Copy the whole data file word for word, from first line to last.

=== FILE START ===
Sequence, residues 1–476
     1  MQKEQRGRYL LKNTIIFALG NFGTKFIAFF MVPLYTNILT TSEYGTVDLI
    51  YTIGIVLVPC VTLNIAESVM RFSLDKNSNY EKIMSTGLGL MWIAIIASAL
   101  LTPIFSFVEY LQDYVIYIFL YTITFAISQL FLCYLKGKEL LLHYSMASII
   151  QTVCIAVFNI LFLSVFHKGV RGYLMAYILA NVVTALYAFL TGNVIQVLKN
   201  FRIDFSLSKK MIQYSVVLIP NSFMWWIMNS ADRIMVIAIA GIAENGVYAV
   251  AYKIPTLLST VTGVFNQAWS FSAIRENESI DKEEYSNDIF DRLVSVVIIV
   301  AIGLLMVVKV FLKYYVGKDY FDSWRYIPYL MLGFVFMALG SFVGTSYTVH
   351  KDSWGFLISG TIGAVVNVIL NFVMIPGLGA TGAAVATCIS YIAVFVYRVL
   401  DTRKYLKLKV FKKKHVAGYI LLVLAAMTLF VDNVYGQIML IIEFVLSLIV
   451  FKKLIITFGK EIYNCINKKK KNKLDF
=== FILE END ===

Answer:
Sequence, residues 1–476
     1  MQKEQRGRYL LKNTIIFALG NFGTKFIAFF MVPLYTNILT TSEYGTVDLI
    51  YTIGIVLVPC VTLNIAESVM RFSLDKNSNY EKIMSTGLGL MWIAIIASAL
   101  LTPIFSFVEY LQDYVIYIFL YTITFAISQL FLCYLKGKEL LLHYSMASII
   151  QTVCIAVFNI LFLSVFHKGV RGYLMAYILA NVVTALYAFL TGNVIQVLKN
   201  FRIDFSLSKK MIQYSVVLIP NSFMWWIMNS ADRIMVIAIA GIAENGVYAV
   251  AYKIPTLLST VTGVFNQAWS FSAIRENESI DKEEYSNDIF DRLVSVVIIV
   301  AIGLLMVVKV FLKYYVGKDY FDSWRYIPYL MLGFVFMALG SFVGTSYTVH
   351  KDSWGFLISG TIGAVVNVIL NFVMIPGLGA TGAAVATCIS YIAVFVYRVL
   401  DTRKYLKLKV FKKKHVAGYI LLVLAAMTLF VDNVYGQIML IIEFVLSLIV
   451  FKKLIITFGK EIYNCINKKK KNKLDF